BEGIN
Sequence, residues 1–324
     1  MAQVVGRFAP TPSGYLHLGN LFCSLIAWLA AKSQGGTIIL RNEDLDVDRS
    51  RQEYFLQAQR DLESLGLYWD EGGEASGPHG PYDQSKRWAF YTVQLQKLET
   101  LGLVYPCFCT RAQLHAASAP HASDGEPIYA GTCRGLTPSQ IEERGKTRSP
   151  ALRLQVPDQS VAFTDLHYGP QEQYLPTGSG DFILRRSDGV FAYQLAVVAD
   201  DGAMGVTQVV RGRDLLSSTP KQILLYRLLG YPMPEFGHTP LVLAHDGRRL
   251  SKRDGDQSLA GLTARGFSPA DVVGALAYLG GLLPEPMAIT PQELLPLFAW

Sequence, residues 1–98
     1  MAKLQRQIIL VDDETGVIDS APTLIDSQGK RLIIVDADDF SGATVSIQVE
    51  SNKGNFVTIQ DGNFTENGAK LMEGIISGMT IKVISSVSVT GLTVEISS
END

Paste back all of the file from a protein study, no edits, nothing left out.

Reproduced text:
Sequence, residues 1–324
     1  MAQVVGRFAP TPSGYLHLGN LFCSLIAWLA AKSQGGTIIL RNEDLDVDRS
    51  RQEYFLQAQR DLESLGLYWD EGGEASGPHG PYDQSKRWAF YTVQLQKLET
   101  LGLVYPCFCT RAQLHAASAP HASDGEPIYA GTCRGLTPSQ IEERGKTRSP
   151  ALRLQVPDQS VAFTDLHYGP QEQYLPTGSG DFILRRSDGV FAYQLAVVAD
   201  DGAMGVTQVV RGRDLLSSTP KQILLYRLLG YPMPEFGHTP LVLAHDGRRL
   251  SKRDGDQSLA GLTARGFSPA DVVGALAYLG GLLPEPMAIT PQELLPLFAW

Sequence, residues 1–98
     1  MAKLQRQIIL VDDETGVIDS APTLIDSQGK RLIIVDADDF SGATVSIQVE
    51  SNKGNFVTIQ DGNFTENGAK LMEGIISGMT IKVISSVSVT GLTVEISS